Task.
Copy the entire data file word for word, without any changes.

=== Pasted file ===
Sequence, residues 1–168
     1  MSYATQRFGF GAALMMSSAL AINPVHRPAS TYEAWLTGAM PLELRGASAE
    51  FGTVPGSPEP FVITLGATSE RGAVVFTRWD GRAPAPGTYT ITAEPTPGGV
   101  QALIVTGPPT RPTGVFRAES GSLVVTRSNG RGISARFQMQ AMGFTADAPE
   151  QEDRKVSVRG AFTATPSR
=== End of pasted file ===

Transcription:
Sequence, residues 1–168
     1  MSYATQRFGF GAALMMSSAL AINPVHRPAS TYEAWLTGAM PLELRGASAE
    51  FGTVPGSPEP FVITLGATSE RGAVVFTRWD GRAPAPGTYT ITAEPTPGGV
   101  QALIVTGPPT RPTGVFRAES GSLVVTRSNG RGISARFQMQ AMGFTADAPE
   151  QEDRKVSVRG AFTATPSR